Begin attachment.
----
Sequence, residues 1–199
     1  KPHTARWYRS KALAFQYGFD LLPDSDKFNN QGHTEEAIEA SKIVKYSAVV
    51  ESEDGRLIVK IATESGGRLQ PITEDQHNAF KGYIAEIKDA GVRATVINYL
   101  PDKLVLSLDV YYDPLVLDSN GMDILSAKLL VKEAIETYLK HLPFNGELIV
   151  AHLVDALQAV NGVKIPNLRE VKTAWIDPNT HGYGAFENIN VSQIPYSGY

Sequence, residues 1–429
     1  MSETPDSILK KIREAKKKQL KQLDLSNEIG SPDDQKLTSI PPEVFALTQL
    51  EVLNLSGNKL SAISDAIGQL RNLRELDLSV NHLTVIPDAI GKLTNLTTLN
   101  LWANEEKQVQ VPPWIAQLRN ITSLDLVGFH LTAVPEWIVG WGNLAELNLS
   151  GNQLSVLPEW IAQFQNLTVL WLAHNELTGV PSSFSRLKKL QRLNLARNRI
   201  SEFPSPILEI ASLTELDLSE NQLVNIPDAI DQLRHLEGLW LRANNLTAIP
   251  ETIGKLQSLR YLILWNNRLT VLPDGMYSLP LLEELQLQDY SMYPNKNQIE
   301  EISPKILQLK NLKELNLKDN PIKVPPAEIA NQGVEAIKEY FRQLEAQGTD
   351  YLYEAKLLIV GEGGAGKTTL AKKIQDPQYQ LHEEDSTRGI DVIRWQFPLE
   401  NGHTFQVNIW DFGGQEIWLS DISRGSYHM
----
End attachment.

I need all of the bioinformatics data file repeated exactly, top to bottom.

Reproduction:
Sequence, residues 1–199
     1  KPHTARWYRS KALAFQYGFD LLPDSDKFNN QGHTEEAIEA SKIVKYSAVV
    51  ESEDGRLIVK IATESGGRLQ PITEDQHNAF KGYIAEIKDA GVRATVINYL
   101  PDKLVLSLDV YYDPLVLDSN GMDILSAKLL VKEAIETYLK HLPFNGELIV
   151  AHLVDALQAV NGVKIPNLRE VKTAWIDPNT HGYGAFENIN VSQIPYSGY

Sequence, residues 1–429
     1  MSETPDSILK KIREAKKKQL KQLDLSNEIG SPDDQKLTSI PPEVFALTQL
    51  EVLNLSGNKL SAISDAIGQL RNLRELDLSV NHLTVIPDAI GKLTNLTTLN
   101  LWANEEKQVQ VPPWIAQLRN ITSLDLVGFH LTAVPEWIVG WGNLAELNLS
   151  GNQLSVLPEW IAQFQNLTVL WLAHNELTGV PSSFSRLKKL QRLNLARNRI
   201  SEFPSPILEI ASLTELDLSE NQLVNIPDAI DQLRHLEGLW LRANNLTAIP
   251  ETIGKLQSLR YLILWNNRLT VLPDGMYSLP LLEELQLQDY SMYPNKNQIE
   301  EISPKILQLK NLKELNLKDN PIKVPPAEIA NQGVEAIKEY FRQLEAQGTD
   351  YLYEAKLLIV GEGGAGKTTL AKKIQDPQYQ LHEEDSTRGI DVIRWQFPLE
   401  NGHTFQVNIW DFGGQEIWLS DISRGSYHM